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New, New TardisBuilders!

Screen used 1996 console restoration

Started by galacticprobe, Jan 29, 2012, 08:19 pm

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Jan 29, 2012, 08:19 pm Last Edit: Mar 21, 2012, 02:55 pm by rassilonsrod
Okay... I'll start here since this is where the topic started. The Mods can split things off if they feel the need. And since I brought it up, and Bob has given his blessing, let's get started. And for distinction purposes I'm keeping all of my comments in italics. Everything transcribed below was written and photographed by Bob Mitsch. (I made minuscule edits where my computer showed a misspelling. No other content was changed.)
Chameleon Circuit: The TVM Console Restoration Log Pt. 1
Jan. 19th, 2012 at 6:01 AM
(Original blog post: http://honorarydoctor.livejournal.com/14419.html)

Hey Gang,

So late October of 2011, Paul Salamoff, Brian Uiga and I embarked on a pretty special project. As some of you may know, Paul is the current owner of the Doctor Who TARDIS Console as seen in the 1996 Fox TV Movie and used on-screen by both Sylvester McCoy and Paul McGann. It's a fabulous-looking prop and still in fairly good shape. The electronics were still in working order and a number of the switches and knobs were intact. Paul himself had already built a replica of the central column or time rotor to complete it as the console did not include this when he purchased it about 6 years ago.

The Console on set in 1996

More Pics and info:

Paul's Custom Remade Rotor

Here's a few pics of how the console looked prior to October, 2011.

Console in 2009.

And here's a neat video where we featured this for a Dr. Who PBS Marathon on KTEH in fall of 2009:

(Console portion runs 0:30 to about 3:45 in.)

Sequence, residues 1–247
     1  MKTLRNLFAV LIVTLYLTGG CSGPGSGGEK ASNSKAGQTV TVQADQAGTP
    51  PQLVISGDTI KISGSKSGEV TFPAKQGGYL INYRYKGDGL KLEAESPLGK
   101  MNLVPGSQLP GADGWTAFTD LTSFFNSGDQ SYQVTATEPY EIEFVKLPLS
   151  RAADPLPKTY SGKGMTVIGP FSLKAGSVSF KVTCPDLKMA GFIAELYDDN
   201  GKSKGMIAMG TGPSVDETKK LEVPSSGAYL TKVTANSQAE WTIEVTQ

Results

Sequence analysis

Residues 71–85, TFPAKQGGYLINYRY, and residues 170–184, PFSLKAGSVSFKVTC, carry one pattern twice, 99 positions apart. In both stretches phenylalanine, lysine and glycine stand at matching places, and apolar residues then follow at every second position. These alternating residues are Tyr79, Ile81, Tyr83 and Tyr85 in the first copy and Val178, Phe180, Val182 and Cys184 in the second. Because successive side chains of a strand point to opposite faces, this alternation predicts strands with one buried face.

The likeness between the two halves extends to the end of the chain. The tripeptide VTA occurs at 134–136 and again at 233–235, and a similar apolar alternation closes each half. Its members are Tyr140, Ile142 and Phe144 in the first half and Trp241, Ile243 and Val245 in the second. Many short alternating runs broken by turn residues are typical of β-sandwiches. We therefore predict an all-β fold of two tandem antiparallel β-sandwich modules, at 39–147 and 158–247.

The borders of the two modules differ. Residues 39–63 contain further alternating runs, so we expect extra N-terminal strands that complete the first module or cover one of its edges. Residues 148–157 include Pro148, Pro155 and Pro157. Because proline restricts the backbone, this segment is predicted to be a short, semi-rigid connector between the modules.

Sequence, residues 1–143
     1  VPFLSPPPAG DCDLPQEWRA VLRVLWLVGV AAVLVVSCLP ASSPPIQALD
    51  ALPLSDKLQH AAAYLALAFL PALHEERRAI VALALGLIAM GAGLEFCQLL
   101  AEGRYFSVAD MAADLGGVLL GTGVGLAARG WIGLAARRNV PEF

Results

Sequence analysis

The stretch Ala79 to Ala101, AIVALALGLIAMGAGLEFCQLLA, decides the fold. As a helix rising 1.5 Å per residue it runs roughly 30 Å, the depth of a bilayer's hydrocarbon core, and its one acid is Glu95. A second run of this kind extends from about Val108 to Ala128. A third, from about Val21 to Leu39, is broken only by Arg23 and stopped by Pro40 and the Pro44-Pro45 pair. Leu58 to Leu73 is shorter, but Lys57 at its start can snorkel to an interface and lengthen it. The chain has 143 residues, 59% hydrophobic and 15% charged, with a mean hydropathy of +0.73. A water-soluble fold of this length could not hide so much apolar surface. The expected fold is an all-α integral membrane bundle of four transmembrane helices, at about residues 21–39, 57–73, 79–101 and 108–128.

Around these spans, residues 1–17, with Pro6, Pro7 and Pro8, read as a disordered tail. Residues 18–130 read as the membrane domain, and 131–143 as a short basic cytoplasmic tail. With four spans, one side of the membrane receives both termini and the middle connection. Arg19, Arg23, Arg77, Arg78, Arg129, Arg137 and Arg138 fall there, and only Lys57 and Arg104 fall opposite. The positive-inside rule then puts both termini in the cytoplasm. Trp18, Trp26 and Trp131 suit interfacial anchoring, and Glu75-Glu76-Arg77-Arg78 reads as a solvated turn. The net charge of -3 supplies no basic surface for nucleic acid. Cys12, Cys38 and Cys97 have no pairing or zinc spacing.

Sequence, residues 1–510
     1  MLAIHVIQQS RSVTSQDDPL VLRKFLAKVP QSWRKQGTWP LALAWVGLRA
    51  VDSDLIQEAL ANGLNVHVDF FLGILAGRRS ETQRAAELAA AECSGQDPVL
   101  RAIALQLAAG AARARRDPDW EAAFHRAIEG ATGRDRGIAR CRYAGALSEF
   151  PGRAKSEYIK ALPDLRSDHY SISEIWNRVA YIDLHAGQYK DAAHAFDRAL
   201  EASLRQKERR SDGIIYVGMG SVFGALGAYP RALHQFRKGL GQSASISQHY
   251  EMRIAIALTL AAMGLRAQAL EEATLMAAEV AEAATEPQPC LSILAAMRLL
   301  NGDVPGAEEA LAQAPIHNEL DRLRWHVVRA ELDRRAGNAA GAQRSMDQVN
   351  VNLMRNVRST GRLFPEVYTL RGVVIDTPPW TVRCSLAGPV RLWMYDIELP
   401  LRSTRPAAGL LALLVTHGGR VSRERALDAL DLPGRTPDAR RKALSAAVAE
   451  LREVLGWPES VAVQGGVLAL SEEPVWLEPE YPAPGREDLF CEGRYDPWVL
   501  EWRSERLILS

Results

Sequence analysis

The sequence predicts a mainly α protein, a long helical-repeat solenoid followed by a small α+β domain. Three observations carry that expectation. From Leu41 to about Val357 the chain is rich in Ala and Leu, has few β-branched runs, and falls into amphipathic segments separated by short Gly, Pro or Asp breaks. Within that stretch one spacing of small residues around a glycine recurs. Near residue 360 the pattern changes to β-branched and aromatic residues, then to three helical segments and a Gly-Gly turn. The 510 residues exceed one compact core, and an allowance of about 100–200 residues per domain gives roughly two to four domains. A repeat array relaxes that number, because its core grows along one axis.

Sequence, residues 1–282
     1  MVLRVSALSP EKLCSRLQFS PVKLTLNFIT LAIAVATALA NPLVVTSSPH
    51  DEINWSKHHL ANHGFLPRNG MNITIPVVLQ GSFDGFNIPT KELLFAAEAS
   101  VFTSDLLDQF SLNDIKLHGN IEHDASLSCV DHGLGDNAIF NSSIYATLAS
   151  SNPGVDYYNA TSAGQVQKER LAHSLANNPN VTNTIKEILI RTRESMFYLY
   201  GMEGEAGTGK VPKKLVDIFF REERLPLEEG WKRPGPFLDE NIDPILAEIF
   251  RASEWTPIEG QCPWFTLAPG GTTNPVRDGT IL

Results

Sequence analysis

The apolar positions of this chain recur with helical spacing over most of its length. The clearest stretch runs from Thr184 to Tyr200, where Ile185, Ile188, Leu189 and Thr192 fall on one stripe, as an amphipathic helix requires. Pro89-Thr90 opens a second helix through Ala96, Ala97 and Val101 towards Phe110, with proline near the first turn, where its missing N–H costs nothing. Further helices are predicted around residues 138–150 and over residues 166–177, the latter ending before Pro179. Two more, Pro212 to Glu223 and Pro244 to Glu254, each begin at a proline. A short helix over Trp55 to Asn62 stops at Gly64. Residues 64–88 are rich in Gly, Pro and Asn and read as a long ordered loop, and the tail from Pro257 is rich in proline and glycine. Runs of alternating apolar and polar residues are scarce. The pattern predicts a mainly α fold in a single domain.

When the guest roster announced for 23rd annual Gallifrey One convention in February included the ENTIRE main cast and producer behind the TV Movie... we decided now was the time to try and get the console ready for public display.

The Console in the TVM.


Special Side Extra panels


Bottom views when complete - and showing obvious need of a cleaning

While in good shape, the console was going to need some tender loving care to bring it back to spec and really wow the fans who might see it up close. Our Mission, Should We Choose to Accept It: Restore the TARDIS Console to its former 1996 glory!!!! Cue the flute and bongos, because we took up the challenge.

Paul and Brian figuring out what makes it tick.


Panel exploration

Paul being the owner was 100% behind it all, and he brought his extensive 12+ year background as a prop-maker and Special FX artist to the table. Brian also brought a lot of great ideas to really crank this project to "Eleven." He had a lot of experience making replica Dr. Who props (Seven's umbrella and the classic Sonic etc.) as well as outfitting replica showcase 'Celebrity' cars such as James Bond's BMW from "Tomorrow Never Dies" and Herbie the Love Bug.



Removing panels

Brian checks the electronics and lights

Brian helped a lot on sourcing and re-creating parts as well as re-wiring the console's lights and adding some nifty sound effects. I myself helped mostly to lend a hand (it's proven to be a laborious task!) and act as a 3rd pair of eyes when needed.

Lights still work


Bottom view of base

As the Chameleon Circuit Repair Team Trio, we had our work cut out for us though. Aside from a good dusting & cleaning, the console would need the following:

- Double check all the lights for functionality (as well as noting exactly which switch activates what)
- Add lights to the Time Rotor
- Brace the legs and figure out a smoother way to transport the console
- Replace any missing switches and knobs (of which there were quite a few).
- Build and replace the hand crank which was sadly now missing.
- Restore functionality to the three clocks

Clocks to be restored in working order.

- Find a way to hide extra wiring/power strips/relays that would be required.
- Replace any broken or larger bulbs with safer/brighter LED lights (as the console can get fairly hot when lights are left on for extended periods).

Fragile claw feet on legs


Doctorin' the TARDIS

Reflector lights

Interior view of lights

Some additional features we wanted to add:

- Wire up a custom sound board & speaker which would activate music & Sound Effects by switch.
- Wire lights to a relay s panels would dim & flash in alternating fashion as seen in the TVM
- Rig a motor on the middle main clock so it could spin forwards or backwards as seen in TVM